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School of Hard Knocks
August 26, 2012 7:18 PM   Subscribe

"... [T]he character hypothesis: the notion that noncognitive skills, like persistence, self-control, curiosity, conscientiousness, grit and self-confidence, are more crucial than sheer brainpower to achieving success .... Character is created by encountering and overcoming failure .... The offspring of affluent parents are insulated from adversity ... while poor children face no end of challenges ... there is often little support to help them turn these omnipresent obstacles into character-enhancing triumphs." A review of 'How Children Succeed,' by Paul Tough.
posted by Jasper Friendly Bear (55 comments total) 17 users marked this as a favorite

 
Nothing succeeds like success.
posted by Nomyte at 7:20 PM on August 26, 2012 [3 favorites]


"...character-enhancing triumphs" from Paul Tough [Love]? Eponysterical.
posted by wenestvedt at 7:27 PM on August 26, 2012 [1 favorite]


Can't wait for his talk show:
"That's Tough!"
"Tough Gets Going!"
"You Want Help? Tough!"
posted by hal9k at 7:27 PM on August 26, 2012 [3 favorites]


Wait, so the book claims (among other things) that "The offspring of affluent parents are insulated from adversity, beginning with their baby-proofed nurseries and continuing well into their parentally financed young adulthoods" and thus don't build the character necessary to truly succeed -- and this is supposed to not be what "readers of The New York Times probably subscribe to"? This view is in fact literally what they subscribe to, given that it's reiterated on the op-ed page, The Week in Review, or Styles of the Times at least twice a month.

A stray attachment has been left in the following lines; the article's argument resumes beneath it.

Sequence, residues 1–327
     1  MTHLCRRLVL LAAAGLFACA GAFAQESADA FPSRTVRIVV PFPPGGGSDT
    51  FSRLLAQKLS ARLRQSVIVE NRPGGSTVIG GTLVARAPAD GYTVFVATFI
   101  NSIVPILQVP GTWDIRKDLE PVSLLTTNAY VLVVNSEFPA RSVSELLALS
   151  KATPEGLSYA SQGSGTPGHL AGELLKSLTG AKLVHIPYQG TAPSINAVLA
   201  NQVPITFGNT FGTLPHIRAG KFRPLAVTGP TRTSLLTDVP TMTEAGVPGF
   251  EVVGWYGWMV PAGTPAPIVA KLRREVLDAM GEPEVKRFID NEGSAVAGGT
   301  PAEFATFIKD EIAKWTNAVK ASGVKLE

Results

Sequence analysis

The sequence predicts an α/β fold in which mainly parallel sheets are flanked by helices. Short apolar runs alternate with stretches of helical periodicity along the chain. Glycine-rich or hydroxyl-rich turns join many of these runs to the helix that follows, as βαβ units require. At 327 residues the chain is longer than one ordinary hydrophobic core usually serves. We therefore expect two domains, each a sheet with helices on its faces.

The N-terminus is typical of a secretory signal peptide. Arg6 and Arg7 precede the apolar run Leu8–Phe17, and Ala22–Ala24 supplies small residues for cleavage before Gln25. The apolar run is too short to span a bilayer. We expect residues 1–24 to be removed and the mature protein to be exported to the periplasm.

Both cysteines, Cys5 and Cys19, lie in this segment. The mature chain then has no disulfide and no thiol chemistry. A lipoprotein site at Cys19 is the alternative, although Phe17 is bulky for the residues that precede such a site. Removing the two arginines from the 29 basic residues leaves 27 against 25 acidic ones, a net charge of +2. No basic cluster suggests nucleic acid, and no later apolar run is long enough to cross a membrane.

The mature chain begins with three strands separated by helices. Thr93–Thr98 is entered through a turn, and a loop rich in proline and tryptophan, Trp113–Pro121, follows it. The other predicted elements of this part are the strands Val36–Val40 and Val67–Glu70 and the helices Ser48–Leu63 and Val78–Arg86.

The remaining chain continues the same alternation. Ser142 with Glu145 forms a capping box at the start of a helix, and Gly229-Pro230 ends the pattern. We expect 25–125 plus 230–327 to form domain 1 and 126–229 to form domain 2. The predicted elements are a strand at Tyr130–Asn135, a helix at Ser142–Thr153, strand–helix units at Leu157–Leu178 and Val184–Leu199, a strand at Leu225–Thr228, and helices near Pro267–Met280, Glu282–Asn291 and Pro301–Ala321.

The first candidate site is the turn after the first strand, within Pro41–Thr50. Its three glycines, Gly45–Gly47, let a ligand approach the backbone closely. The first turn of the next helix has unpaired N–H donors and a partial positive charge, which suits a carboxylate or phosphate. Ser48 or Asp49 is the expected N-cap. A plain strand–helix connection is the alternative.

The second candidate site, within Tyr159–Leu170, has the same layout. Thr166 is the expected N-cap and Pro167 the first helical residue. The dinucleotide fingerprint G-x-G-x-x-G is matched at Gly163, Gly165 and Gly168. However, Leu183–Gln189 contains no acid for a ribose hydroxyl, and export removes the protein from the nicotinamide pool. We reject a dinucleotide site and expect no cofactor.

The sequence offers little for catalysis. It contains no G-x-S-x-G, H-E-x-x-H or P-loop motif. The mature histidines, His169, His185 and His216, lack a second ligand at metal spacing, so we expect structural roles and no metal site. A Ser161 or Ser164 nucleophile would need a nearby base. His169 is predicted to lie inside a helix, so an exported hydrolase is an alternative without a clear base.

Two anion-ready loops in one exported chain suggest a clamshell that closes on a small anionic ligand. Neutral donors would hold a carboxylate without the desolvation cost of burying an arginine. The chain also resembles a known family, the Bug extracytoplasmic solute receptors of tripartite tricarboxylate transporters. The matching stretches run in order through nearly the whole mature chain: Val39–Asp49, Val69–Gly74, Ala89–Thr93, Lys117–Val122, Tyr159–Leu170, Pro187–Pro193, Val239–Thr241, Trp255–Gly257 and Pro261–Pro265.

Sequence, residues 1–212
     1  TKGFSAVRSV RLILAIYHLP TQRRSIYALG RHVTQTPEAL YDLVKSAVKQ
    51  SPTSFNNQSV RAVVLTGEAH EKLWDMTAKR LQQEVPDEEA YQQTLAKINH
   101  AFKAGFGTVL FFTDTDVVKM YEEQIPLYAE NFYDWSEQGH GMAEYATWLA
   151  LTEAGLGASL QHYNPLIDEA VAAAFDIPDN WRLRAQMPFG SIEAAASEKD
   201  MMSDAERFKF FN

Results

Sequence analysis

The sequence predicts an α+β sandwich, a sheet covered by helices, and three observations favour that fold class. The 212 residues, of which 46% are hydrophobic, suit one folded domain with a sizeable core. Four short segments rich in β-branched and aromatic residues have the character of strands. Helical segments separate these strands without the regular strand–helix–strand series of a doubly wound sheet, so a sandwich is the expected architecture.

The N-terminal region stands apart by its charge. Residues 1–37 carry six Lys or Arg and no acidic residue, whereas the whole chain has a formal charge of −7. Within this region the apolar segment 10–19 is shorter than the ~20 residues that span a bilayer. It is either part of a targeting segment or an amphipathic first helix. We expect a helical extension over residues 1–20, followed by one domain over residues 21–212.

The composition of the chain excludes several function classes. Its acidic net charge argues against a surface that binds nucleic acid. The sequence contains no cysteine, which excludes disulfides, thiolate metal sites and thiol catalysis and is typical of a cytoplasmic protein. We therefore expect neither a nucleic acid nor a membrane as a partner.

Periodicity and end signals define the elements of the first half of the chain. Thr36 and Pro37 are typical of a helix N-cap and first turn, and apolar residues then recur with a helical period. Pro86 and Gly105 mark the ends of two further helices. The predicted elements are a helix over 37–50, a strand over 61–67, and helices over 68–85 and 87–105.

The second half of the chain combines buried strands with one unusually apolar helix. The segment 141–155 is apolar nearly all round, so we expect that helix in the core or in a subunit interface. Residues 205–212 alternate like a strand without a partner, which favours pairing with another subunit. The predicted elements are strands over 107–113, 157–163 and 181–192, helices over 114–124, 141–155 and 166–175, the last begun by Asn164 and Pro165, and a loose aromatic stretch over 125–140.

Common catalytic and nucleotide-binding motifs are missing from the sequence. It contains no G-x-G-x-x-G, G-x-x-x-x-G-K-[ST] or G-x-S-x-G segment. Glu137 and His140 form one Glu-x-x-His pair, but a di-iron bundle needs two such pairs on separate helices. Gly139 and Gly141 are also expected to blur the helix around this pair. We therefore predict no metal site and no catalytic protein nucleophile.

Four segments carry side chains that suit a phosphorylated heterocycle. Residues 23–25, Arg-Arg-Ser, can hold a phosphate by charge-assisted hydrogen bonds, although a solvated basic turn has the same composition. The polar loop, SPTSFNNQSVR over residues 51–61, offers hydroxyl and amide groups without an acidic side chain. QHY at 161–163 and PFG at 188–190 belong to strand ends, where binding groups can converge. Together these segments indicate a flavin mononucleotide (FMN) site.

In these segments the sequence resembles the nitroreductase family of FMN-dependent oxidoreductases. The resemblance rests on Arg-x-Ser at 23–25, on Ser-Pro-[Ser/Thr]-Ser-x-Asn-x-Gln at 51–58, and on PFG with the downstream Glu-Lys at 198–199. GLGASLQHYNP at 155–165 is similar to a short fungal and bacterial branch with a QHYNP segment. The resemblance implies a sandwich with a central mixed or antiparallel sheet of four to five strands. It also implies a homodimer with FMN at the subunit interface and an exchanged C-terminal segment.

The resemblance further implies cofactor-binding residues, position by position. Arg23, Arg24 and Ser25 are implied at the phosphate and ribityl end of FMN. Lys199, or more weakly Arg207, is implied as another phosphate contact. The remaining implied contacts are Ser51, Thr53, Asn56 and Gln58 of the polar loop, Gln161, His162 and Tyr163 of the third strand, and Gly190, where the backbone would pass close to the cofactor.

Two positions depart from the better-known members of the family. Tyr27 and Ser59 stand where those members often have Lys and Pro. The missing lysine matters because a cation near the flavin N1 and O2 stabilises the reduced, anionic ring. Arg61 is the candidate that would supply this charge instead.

posted by escabeche at 7:31 PM on August 26, 2012 [11 favorites]


So, a book about the insight that overcoming adversity is character-forming. Is there anything new on top of that, or is that all there is to it?
posted by prefpara at 7:35 PM on August 26, 2012


If adversity created character then surely the poor and struggling would be the finest, most noble among us?
posted by The Whelk at 7:37 PM on August 26, 2012 [23 favorites]


That's what Jesus would have you believe anyway.
posted by bleep at 7:39 PM on August 26, 2012 [2 favorites]


Is there anything new on top of that, or is that all there is to it?

Nope, that's it.

You can describe existance in one sentence. Everything ends, everybody dies.
posted by eriko at 7:41 PM on August 26, 2012


Which is, to be fair, a run-on sentence.
posted by escabeche at 7:45 PM on August 26, 2012 [10 favorites]


A history of hardship is not a life asset: What doesn't kill you makes you weaker
posted by everydayanewday at 7:47 PM on August 26, 2012 [18 favorites]